Last Updated on September 10, 2020
Creating Funnels, Calculating ROI
Whether you work in marketing for a big company or you’re a small business owner, you need to understand marketing attribution. The term might not be as popular as some marketing jargon, but you understand the idea behind it. Marketing attribution is giving credit to the marketing that you think turned a person from a website visitor into a customer. It helps you decide where to put your money to get more customers and helps you get a clearer idea of what your ROI is on different campaigns or platforms.Ready to Talk?
What Actually Makes you Money?
There are several different ways to measure your marketing attribution and each one is useful in different situations. Here’s our rundown on the main models you’ll see:
- First and Last Touch Attribution (or Single Touch) – Starting off simple. The First Touch or Last Touch model attributes the revenue earned from the customer to either the first action that brought the customer to your site or the last action before their conversion. It could be clicking on a branding ad (possible first touch) or seeing a remarketing ad (possible last touch).
- Linear Attribution – Takes all the steps in your marketing funnel and gives them equal weighting. So if your marketing funnel looks like this: PPC Ad > Downloadable PDF > Phone Call > Free Demo. Each step would get 25% weighting. This model ensures you share the credit equally with all the steps it took to make a customer.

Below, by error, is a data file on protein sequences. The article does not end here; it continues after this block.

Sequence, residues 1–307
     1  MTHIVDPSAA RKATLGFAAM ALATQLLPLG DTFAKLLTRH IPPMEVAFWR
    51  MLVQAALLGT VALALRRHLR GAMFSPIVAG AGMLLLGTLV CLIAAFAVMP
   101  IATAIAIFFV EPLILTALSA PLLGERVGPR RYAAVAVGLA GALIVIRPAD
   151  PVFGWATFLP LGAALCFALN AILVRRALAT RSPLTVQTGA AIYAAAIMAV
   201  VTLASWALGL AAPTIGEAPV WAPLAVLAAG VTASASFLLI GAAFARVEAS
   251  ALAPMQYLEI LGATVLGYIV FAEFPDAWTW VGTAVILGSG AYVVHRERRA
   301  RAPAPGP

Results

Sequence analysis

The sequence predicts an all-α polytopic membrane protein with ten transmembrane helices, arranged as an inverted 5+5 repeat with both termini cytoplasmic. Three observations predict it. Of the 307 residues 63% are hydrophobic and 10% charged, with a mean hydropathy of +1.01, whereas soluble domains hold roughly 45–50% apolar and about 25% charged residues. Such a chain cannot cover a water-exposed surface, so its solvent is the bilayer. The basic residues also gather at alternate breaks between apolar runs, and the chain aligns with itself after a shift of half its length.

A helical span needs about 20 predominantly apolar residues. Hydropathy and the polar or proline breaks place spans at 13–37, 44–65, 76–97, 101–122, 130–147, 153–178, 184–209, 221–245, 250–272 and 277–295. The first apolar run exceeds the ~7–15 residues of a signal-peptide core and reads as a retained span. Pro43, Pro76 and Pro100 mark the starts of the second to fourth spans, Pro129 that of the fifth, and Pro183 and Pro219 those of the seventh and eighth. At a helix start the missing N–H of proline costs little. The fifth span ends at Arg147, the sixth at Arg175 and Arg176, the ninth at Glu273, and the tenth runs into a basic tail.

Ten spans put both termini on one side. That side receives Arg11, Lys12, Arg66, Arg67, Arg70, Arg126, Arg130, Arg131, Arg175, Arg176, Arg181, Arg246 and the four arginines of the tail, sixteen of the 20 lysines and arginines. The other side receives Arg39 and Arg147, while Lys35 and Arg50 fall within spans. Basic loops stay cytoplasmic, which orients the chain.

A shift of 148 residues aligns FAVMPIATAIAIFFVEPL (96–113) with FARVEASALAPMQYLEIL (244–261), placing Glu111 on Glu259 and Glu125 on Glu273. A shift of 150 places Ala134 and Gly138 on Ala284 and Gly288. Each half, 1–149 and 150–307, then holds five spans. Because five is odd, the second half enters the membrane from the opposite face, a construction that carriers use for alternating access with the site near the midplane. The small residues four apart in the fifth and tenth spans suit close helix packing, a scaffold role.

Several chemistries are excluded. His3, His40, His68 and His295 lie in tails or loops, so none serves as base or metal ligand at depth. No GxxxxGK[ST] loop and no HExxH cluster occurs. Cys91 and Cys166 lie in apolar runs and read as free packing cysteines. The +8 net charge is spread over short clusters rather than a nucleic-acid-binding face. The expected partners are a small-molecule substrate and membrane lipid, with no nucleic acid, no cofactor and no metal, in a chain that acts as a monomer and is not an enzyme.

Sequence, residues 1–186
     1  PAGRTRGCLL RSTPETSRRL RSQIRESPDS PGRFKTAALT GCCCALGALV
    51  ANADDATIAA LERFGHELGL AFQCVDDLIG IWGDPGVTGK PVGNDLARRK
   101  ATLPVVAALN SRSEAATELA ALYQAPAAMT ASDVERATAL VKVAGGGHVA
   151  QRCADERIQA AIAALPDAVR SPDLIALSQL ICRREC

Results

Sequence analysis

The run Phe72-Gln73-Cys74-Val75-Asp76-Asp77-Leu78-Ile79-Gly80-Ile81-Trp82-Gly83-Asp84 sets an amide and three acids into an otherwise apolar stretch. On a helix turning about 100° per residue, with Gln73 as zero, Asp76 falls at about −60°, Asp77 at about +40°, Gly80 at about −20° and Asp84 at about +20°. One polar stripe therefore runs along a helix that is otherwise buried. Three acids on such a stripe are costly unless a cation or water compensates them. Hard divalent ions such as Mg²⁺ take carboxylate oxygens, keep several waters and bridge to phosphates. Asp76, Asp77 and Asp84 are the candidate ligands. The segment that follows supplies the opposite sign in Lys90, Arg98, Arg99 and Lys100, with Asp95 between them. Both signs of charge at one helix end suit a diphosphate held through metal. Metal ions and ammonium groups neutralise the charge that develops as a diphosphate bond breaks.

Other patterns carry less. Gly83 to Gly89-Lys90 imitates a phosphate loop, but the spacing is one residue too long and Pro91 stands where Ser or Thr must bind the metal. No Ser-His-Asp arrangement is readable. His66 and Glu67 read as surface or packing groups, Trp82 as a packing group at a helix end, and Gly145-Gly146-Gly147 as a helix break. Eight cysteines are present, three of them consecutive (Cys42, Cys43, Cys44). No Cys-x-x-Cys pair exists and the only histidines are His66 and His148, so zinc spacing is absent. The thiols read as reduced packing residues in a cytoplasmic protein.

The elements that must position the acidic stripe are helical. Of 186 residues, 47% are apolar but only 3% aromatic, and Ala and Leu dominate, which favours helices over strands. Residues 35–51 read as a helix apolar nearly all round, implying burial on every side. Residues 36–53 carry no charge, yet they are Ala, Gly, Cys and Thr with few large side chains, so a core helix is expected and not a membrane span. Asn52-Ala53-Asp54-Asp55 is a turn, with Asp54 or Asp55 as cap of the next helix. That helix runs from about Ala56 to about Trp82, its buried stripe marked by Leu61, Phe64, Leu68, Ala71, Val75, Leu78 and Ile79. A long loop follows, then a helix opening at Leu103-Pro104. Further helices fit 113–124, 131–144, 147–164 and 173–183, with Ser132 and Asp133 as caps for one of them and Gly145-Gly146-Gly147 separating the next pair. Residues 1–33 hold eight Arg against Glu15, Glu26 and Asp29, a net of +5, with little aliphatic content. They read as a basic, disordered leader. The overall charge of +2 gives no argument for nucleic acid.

- Time Decay – Works backwards from when the conversion is made, reducing the weighting according to the distance from the conversion. If we take the same example from above you could have PPC Ad (10%) > Downloadable PDF(15%) > Phone Call (25%) > Free Demo (50%). This is based on the idea that what caused the conversion is the most important thing and that everything going backward from that point is less important.
- Position Based – Is a hybrid of both the Single Touch model and the Linear Attribution model. It gives some weighting to what happens in the middle of your marketing funnel, but more weighting to the beginning and end of your marketing efforts. This revolves around thinking that it’s most difficult to get someone in the door, or to get them to sign on the dotted line.
Which Marketing Attribution Model Works?
These models all have their pros and cons. The longer your marketing funnel–or the more touches you have with a customer before they purchase–the less useful Single Touch attribution is. If you usually send 4 or 5 emails to a customer and then post a buyer’s guide, does it make sense to ignore the emails when they convert reading the guide? No. So a more complex model is needed. However, if your customers usually make a purchase straight after visiting your site for the first time, building a Time Decay attribution model is a waste of your time.
Have you implemented a marketing attribution model in the past? If you have, did it help you get a greater idea of how to get more customers?